Apple holds on to tax billions as Ireland set to miss deadline

“Ireland is set to miss a deadline to hire managers for Apple Inc.’s tax billions during an appeal of a European Union antitrust ruling, the latest delay in a saga that has dragged on for more than a year,” Peter Flanagan reports for Bloomberg.

“The Irish debt office is hiring custodians and investment managers for the estimated 13 billion euros ($15.3 billion) in back taxes Ireland has been ordered to collect from the iPhone maker,” Flanagan reports. “It had planned to award contracts by mid-November, according to tender documents it issued in July and September.”

“As of Thursday, no one has been hired,” Flanagan reports. “The processes is ongoing and the timetables in the tender documents were only for guidance, a spokesman for the agency said in an email response to questions.”

Read more in the full article here.

MacDailyNews Take: Good. Since those billions are Apple’s, not Ireland’s, as Ireland agrees.

EU sues Ireland over $15.3 billion tax clawback from Apple – October 4, 2017
Ireland opposes EU’s 13 billion euro Apple tax grab, calls it unjustified – August 17, 2017
Apple close to deal protecting Ireland in fight over EU tax grab – August 11, 2017
Ireland seeks custodian for Apple $15.2 billion in back taxes as collection nears – July 22, 2017
EU Commissioner Vestager: Ireland ‘taking too long’ to recover Apple tax – May 19, 2017
EU’s hypocritical Margrethe Vestager going after Apple while backing Madeira tax avoidance scheme – February 14, 2017
Apple has missed the deadline to pay $13.9 billion to Ireland in illegal tax benefits – January 31, 2017
Apple CFO Maestri: What the EC is doing here is a disgrace for European citizens, it should be ashamed’ – December 19, 2016
Apple’s EU tax nemesis Margrethe Vestager takes aim at other U.S. companies’ offshore profits – September 19, 2016
The ‘Brexit-Apple’ connection: What in the world was Margrethe Vestager thinking? – September 12, 2016
EU ministers line up to take tax bites out of Apple – September 12, 2016
Former EU competition commissioner: Vestager claim that Apple owes back taxes an incorrect use of EU law – September 2, 2016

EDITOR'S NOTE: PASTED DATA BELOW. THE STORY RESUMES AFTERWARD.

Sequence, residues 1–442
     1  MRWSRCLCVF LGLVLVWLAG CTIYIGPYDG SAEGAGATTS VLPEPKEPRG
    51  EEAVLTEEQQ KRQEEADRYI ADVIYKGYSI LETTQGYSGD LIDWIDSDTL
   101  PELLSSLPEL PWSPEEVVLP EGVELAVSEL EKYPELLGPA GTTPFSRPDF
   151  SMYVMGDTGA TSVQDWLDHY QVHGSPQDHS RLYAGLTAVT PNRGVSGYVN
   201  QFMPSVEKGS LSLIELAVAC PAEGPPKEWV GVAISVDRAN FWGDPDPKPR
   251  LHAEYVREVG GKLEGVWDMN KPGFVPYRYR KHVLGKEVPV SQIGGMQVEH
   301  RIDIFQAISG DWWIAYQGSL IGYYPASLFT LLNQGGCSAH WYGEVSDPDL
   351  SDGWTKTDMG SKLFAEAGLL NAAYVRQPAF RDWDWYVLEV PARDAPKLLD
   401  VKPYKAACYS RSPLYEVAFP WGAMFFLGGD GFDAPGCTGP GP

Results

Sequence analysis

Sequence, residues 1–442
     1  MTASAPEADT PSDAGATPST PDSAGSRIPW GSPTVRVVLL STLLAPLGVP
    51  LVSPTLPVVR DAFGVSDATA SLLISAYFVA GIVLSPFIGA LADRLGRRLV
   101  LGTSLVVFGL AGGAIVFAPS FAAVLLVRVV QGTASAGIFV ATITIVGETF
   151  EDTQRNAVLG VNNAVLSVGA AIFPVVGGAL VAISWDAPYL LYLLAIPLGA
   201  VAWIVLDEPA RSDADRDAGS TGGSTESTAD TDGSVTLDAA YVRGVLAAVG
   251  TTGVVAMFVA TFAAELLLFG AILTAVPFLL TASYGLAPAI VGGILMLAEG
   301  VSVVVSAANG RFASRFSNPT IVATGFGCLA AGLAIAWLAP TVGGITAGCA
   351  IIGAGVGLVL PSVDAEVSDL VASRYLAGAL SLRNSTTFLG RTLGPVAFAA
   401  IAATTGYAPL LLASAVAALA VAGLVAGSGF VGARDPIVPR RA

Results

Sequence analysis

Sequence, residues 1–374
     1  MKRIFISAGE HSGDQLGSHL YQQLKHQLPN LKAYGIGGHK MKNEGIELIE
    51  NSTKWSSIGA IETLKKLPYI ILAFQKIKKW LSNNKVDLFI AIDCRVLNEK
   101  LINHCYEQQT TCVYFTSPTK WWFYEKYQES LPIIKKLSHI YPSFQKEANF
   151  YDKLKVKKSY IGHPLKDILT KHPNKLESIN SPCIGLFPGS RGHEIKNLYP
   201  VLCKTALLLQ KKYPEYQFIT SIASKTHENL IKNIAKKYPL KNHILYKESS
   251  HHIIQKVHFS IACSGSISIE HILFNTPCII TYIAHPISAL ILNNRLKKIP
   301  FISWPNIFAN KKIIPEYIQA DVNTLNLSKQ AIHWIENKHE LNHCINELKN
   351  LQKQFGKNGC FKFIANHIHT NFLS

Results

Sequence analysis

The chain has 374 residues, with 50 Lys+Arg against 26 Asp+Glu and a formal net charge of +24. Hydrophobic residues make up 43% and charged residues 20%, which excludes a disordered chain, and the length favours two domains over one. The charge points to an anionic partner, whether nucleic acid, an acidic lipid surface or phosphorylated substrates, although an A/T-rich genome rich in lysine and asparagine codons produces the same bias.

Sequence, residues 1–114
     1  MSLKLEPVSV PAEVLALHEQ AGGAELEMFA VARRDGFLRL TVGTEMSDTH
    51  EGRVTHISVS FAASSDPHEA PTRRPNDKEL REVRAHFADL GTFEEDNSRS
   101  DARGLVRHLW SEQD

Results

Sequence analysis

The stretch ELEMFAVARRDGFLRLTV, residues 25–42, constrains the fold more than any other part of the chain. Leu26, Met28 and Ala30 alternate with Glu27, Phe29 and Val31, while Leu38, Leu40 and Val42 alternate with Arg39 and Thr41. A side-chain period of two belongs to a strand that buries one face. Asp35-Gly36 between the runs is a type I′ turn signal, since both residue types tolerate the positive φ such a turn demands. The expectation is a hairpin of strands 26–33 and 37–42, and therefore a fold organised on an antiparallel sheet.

Irish government to fight EU on Apple tax – September 2, 2016
Treasury accuses EU of trying to steal U.S. tax revenues with Apple decision – September 1, 2016
Irish residents opposed to EU’s tax demand of Apple – September 1, 2016
Apple Inc. pushes back against EU tax grab – September 1, 2016
Apple may repatriate billions of dollars next year after new U.S. President takes office – September 1, 2016
U.S. tax code allows for dramatic retaliation against EU overreach in Apple case – September 1, 2016
Apple CEO Tim Cook on EU tax demand: ‘No one did anything wrong here and Ireland is being picked on… It is total political crap’ – September 1, 2016
U.S. Treasury: The European Commission’s retroactive tax demands on Apple are unfair – August 30, 2016
EU demands Apple pay massive $14.5 billion in taxes plus interest – August 30, 2016


  1. Isn’t it great that MDN and Ireland agree that those billions of dollars belong to Apple. Too bad that these funds will be held in escrow, as a result of the case brought forth by the European Commission until the case is settled.

    There are those of course that will go rah rah rah for Apple and I hope they win the case, however that being said, the law of the land will determine the outcome and as that land is Europe, it’s a great win for the free and civilized world regardless of the outcome.

    1. Honestly, it doesn’t really matter, as these funds have already been earmarked for taxes. The only quibble is whether the US Treasury gets it or the Irish one. Any farthing paid to the Irish taxman is one less paid to the US one. That’s why US Treasury wrote a paper, Aug 24, 2016, opposing the EU’s ruling.

      Lastly, the EU decision may not be valid, given they argue for two possible amounts of tax to retroactively be paid, the larger number which is the one everyone cites is 14B euros, while the smaller number is 1.2B euros. They argue for both possibilities, which is odd, since the argument for one, undermines the argument for the other and vice-versa. Hardly convincing. We’ll see what the appellate court rules.

      1. Between you and I it might not matter but as Apple’s home country is always looking for or making up an excuse to invade or attack other nations I think that the EU and/or Ireland should worried and tread cautiously.

  2. If you don’t worry about Socialism – you should be. The EU – which has NO legal control over the Ireland laws in investment or banking for foreign entities, saw a pile of money from Apple and just decided to confiscate it. It’s called legalized theft. But ironically it isn’t even legal. The EU’s money-grab is in direct conflict with Irelands laws. How can this happen? Absolute power corrupts absolutely. Socialism and power of it via the EU is monstrous, growing by the day. Even England which voted to get out (Brexit), is struggling to do so. Scary stuff people.

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